- Enables you to run queries against exabytes of data in S3 without having to load or transform any data.
- Redshift Spectrum doesn’t use Enhanced VPC Routing.
- If you store data in a columnar format, Redshift Spectrum scans only the columns needed by your query, rather than processing entire rows.
- If you compress your data using one of Redshift Spectrum’s supported compression algorithms, less data is scanned.
- Point-in-time backups of a cluster. There are two types of snapshots: automated and manual. Snapshots are stored in S3 using SSL.
- Redshift periodically takes incremental snapshots of your data every 8 hours or 5 GB per node of data change.
- Redshift provides free storage for snapshots that is equal to the storage capacity of your cluster until you delete the cluster. After you reach the free snapshot storage limit, you are charged for any additional storage at the normal rate.
- Automated snapshots are enabled by default when you create a cluster. These snapshots are deleted at the end of a retention period, which is one day, but you can modify it. You cannot delete an automated snapshot manually.
- By default, manual snapshots are retained indefinitely, even after you delete your cluster.
- You can share an existing manual snapshot with other AWS accounts by authorizing access to the snapshot.
- You can configure Amazon Redshift to automatically copy snapshots (automated or manual) for a cluster to another AWS Region. For automated snapshots, you can also specify the retention period to keep them in the destination AWS Region. The default retention period for copied snapshots is seven days.
- If you store a copy of your snapshots in another AWS Region, you can restore your cluster from recent data if anything affects the primary AWS Region. You can configure your cluster to copy snapshots to only one destination AWS Region at a time.
- Use the database audit logging feature to track information about authentication attempts, connections, disconnections, changes to database user definitions, and queries run in the database. The logs are stored in S3 buckets.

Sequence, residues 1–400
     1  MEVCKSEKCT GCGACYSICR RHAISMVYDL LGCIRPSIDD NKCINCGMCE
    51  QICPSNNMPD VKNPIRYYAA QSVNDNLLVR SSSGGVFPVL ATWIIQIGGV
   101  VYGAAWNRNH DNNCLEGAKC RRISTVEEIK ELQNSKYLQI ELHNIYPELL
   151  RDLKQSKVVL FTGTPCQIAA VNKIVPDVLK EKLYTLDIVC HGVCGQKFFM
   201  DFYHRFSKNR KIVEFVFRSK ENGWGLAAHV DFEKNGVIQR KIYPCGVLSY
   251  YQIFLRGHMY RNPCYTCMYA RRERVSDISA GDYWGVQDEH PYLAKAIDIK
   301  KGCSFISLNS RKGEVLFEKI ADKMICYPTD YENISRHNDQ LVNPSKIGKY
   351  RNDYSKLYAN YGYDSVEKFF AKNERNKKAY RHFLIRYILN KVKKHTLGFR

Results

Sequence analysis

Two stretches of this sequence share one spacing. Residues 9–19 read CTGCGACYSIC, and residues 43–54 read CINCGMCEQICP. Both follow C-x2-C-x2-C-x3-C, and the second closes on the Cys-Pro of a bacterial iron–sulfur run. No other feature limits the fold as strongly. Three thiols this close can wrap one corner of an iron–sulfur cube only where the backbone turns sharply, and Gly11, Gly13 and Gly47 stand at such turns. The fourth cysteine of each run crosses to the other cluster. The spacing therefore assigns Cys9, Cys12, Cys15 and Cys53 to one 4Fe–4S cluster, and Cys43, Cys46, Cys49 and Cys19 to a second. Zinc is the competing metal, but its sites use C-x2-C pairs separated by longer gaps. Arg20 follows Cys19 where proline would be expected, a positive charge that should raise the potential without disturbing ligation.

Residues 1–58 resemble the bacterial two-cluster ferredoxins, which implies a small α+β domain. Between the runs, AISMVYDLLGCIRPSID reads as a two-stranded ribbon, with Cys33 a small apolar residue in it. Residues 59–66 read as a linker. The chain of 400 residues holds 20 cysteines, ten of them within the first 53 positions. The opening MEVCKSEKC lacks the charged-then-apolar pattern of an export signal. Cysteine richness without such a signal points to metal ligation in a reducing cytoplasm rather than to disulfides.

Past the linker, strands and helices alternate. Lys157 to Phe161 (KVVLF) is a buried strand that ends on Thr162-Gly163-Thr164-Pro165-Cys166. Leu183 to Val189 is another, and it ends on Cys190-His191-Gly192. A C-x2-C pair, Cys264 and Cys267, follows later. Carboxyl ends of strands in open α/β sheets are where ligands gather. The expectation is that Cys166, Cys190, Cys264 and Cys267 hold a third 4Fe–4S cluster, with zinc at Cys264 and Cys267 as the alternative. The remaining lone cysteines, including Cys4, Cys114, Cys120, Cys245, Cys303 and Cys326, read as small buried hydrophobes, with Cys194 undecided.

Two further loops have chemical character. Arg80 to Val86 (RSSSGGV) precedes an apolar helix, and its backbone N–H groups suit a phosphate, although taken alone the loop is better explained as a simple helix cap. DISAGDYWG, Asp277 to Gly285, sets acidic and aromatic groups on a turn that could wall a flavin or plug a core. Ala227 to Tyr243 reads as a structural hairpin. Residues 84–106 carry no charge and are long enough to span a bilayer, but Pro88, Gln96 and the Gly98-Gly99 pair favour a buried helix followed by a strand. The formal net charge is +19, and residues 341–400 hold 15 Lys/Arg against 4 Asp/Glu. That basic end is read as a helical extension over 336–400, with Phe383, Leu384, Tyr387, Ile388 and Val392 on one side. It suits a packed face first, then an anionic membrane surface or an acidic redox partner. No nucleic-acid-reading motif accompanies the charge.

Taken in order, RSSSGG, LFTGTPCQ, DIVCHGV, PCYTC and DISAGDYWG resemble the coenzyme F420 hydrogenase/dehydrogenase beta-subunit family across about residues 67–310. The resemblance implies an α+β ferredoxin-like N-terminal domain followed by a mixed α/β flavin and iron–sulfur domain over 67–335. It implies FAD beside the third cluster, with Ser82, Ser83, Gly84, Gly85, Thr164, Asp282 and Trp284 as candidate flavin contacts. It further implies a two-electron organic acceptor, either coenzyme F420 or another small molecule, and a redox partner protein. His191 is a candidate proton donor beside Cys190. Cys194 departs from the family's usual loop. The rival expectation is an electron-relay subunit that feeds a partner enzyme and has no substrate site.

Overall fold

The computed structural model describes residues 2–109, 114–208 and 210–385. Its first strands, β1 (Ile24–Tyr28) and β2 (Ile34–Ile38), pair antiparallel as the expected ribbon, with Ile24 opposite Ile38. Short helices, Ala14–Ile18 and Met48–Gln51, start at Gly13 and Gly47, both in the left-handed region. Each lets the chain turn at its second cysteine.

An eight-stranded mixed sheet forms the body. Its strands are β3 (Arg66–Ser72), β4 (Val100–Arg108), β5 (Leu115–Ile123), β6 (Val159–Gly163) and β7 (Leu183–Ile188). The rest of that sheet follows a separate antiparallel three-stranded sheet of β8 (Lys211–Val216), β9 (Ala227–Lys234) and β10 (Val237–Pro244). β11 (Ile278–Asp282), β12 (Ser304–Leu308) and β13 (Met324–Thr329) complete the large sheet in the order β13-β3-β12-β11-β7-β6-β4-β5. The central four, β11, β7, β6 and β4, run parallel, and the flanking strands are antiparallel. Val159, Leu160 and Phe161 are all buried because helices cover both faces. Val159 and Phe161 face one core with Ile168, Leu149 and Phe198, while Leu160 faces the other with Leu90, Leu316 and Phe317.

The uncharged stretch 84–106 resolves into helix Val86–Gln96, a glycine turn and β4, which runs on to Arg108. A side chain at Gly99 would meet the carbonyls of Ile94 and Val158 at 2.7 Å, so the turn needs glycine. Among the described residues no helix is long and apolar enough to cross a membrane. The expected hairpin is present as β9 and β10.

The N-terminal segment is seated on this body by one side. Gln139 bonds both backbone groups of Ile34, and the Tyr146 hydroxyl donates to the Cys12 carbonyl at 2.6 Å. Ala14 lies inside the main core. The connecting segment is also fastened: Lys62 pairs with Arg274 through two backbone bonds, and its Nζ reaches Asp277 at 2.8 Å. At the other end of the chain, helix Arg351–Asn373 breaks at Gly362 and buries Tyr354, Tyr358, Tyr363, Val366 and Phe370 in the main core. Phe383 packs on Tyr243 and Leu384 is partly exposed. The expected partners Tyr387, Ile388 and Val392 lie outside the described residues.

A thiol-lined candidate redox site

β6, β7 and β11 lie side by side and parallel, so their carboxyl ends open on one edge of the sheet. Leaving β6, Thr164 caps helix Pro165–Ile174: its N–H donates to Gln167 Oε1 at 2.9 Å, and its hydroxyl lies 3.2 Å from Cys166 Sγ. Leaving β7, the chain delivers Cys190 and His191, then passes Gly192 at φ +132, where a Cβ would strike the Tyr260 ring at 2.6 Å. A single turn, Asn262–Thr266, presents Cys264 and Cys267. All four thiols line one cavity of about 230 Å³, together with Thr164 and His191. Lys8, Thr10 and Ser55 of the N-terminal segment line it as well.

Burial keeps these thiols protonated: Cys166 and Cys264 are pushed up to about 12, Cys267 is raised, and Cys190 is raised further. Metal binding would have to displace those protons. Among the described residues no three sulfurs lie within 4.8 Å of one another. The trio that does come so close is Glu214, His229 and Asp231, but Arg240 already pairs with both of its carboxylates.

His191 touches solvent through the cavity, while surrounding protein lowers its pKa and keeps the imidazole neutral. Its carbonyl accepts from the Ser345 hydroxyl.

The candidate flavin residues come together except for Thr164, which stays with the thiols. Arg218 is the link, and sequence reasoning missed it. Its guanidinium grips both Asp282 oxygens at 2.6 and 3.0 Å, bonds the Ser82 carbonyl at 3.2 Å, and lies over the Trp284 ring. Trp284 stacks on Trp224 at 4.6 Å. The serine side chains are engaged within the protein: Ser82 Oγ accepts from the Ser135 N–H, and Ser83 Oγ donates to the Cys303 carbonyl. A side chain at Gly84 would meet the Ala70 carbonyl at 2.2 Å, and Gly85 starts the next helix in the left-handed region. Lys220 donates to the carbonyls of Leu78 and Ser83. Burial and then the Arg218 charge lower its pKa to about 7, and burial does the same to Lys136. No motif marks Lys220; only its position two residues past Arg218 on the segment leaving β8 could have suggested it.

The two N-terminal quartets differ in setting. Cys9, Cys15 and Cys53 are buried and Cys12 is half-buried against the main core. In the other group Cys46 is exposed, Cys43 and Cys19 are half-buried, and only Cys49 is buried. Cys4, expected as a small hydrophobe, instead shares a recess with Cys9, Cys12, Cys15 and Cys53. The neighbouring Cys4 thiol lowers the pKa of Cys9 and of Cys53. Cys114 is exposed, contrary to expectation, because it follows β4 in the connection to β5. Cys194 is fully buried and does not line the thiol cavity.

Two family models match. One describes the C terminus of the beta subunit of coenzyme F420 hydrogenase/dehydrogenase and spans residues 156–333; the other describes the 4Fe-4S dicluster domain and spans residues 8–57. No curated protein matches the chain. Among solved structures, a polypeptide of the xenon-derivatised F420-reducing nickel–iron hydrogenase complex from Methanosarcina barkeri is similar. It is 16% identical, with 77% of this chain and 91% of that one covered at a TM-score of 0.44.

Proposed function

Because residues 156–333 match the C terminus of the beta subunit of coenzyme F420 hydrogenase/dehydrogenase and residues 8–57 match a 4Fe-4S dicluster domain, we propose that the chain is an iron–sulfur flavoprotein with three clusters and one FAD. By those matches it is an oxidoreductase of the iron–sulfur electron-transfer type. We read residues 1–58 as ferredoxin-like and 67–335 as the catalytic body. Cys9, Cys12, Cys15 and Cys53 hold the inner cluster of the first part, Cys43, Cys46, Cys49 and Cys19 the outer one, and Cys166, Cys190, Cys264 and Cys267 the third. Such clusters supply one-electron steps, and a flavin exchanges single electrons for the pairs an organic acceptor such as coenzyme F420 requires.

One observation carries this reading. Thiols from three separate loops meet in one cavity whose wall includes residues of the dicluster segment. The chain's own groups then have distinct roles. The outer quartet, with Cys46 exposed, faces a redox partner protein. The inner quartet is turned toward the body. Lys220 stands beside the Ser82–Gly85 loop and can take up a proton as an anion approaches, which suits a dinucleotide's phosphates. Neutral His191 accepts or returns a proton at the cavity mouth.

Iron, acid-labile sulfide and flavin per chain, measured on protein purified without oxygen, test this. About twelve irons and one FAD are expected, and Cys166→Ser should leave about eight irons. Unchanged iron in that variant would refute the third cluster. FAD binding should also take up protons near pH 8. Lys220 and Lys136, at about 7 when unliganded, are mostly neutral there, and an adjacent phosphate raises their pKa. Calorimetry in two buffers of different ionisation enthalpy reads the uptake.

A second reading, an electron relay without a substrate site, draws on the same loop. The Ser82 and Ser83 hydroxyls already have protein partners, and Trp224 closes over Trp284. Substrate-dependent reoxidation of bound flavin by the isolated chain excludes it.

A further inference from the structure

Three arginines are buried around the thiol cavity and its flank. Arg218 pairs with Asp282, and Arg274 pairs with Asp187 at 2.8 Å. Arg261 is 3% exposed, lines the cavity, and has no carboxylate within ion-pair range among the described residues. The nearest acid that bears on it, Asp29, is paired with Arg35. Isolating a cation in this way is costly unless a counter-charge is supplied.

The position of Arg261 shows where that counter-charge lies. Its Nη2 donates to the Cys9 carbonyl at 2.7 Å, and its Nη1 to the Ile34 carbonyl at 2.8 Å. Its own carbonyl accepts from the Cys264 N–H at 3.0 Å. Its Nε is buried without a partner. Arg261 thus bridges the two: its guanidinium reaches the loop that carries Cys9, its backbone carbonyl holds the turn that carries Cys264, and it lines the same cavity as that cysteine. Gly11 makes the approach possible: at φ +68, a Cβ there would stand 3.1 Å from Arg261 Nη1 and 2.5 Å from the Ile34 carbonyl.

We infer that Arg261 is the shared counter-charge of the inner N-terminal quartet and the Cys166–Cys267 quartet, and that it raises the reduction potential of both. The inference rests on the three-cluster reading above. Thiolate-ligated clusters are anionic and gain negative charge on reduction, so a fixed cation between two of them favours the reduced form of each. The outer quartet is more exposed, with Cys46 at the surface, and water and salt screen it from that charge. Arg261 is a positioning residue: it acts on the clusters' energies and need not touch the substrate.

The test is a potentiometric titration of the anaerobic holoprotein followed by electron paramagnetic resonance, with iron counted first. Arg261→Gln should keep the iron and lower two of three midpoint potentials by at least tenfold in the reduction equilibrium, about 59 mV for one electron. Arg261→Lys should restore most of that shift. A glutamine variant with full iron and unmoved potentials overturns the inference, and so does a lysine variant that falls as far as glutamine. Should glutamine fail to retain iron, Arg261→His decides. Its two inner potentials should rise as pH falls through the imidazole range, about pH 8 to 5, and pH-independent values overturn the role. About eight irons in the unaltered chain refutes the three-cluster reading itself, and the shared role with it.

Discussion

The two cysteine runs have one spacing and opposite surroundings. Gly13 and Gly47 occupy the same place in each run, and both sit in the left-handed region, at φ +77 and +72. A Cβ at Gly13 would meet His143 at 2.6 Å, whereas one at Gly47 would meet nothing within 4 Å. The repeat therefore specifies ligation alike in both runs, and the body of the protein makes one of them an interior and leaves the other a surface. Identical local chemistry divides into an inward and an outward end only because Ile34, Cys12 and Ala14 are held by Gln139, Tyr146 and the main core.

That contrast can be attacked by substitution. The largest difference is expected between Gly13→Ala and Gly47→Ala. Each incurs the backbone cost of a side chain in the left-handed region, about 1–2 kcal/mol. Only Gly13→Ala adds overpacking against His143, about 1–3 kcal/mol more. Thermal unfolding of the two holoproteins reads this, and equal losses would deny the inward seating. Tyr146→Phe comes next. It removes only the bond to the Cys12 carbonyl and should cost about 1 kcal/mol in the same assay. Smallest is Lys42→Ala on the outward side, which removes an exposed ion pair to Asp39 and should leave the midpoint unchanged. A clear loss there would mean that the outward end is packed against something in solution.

- Redshift tracks events and retains information about them for a period of several weeks in your AWS account.
- Redshift provides performance metrics and data so that you can track the health and performance of your clusters and databases. It uses CloudWatch metrics to monitor the physical aspects of the cluster, such as CPU utilization, latency, and throughput.
- Query/Load performance data helps you monitor database activity and performance.
- When you create a cluster, you can optionally configure a CloudWatch alarm to monitor the average percentage of disk space that is used across all of the nodes in your cluster, referred to as the default disk space alarm.
- By default, an Amazon Redshift cluster is only accessible to the AWS account that creates the cluster.
- Use IAM to create user accounts and manage permissions for those accounts to control cluster operations.
- If you are using the EC2-Classic platform for your Redshift cluster, you must use Redshift security groups.
- If you are using the EC2-VPC platform for your Redshift cluster, you must use VPC security groups.
- When you provision the cluster, you can optionally choose to encrypt the cluster for additional security. Encryption is an immutable property of the cluster.